2. The acting was cringe-worthy, the dialog just plain boring.

3. They must have sung the song “Broadway Melody” a half dozen times. For a musical, this movie was bereft of music. I don’t think there were more than 4-5 songs performed in the whole film, with the title song sang or played as background music by orchestras at dances, at least 6-7 times.

4. The plot was tired even in the late 1920s: Song and dance man Eddie Kearns (Charles King) started the movie in love with Hank Mahoney (Bessie Love), one half of a not-very-good singing/dancing sister act. But somewhere along the way he fell for Hank’s sister, Queenie Mahoney (Anita Page). Queenie didn’t want to hurt her sister’s feelings. So she allowed herself to be courted by a playboy named Jacques Warriner (Kenneth Thomson). Eddie couldn’t take it any longer and, near the end of the movie, he finally told Hank and went after Queenie. Eddie arrived in the nick of time and wrestled Queenie out of Jacques’ arms. The movie ended with everyone happy – and Queenie and Eddie married. Well, nearly everyone was happy. Hank (a strange name for a girl) was last seen in the back of a cab on the way to start her tour. She was with her stuttering uncle and a new blonde for the act. Hank didn’t look happy. (And what’s with the stuttering uncle, any way? Was stuttering humorous back then?)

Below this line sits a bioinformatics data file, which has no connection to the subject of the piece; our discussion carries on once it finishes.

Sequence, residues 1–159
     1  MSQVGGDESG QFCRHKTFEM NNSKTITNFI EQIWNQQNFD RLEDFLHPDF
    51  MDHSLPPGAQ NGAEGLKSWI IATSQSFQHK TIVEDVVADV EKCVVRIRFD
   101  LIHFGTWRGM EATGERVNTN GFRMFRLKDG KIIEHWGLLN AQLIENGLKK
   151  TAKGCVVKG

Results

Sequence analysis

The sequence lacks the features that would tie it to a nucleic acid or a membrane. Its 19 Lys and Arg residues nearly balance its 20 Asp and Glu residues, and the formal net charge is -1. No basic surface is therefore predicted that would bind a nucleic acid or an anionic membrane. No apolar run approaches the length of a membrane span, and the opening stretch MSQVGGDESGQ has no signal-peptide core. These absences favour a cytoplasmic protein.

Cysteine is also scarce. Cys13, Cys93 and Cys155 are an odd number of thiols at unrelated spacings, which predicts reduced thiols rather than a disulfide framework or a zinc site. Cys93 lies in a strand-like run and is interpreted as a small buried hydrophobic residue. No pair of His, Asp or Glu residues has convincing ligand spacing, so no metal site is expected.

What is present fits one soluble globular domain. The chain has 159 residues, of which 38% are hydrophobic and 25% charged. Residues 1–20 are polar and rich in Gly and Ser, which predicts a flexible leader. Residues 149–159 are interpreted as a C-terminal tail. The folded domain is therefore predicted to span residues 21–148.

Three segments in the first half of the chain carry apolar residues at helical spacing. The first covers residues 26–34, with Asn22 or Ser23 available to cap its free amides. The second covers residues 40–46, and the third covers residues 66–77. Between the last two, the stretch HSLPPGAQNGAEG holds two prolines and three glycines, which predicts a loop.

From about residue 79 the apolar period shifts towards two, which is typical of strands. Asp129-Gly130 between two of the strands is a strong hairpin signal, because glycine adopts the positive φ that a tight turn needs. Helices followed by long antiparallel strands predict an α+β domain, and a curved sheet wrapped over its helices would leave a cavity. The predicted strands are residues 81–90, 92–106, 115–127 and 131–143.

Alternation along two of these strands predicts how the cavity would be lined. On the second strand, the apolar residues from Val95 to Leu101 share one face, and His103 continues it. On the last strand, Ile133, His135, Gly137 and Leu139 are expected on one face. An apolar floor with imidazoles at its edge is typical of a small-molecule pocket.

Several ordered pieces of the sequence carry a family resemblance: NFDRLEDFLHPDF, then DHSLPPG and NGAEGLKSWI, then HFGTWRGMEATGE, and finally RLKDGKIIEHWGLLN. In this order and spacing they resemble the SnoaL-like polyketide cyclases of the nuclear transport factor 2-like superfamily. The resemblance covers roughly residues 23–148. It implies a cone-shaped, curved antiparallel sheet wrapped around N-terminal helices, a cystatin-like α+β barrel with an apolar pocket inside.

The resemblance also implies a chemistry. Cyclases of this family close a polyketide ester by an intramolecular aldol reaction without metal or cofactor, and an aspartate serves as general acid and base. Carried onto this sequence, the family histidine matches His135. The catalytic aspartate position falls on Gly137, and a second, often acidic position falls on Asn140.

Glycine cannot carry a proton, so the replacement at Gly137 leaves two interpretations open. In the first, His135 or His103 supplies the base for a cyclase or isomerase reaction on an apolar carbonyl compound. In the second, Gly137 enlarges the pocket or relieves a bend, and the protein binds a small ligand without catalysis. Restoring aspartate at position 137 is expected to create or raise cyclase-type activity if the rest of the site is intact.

5. The staging/choreography was uninspired, almost tired.

6. They used on-screen title cards to denote scene changes, even though this wasn’t a silent movie and title cards weren’t necessary.

7. The musicians and singers seemed to be playing and singing live, not overdubbed. That was interesting. But it would have been truly wonderful if the songs they played and sang were any good.

8. Three of the songs in this movie appeared 20 years later – in a vastly superior format – in the 1952 movie Singin’ In the Rain, a movie that was loosely based on The Broadway Melody.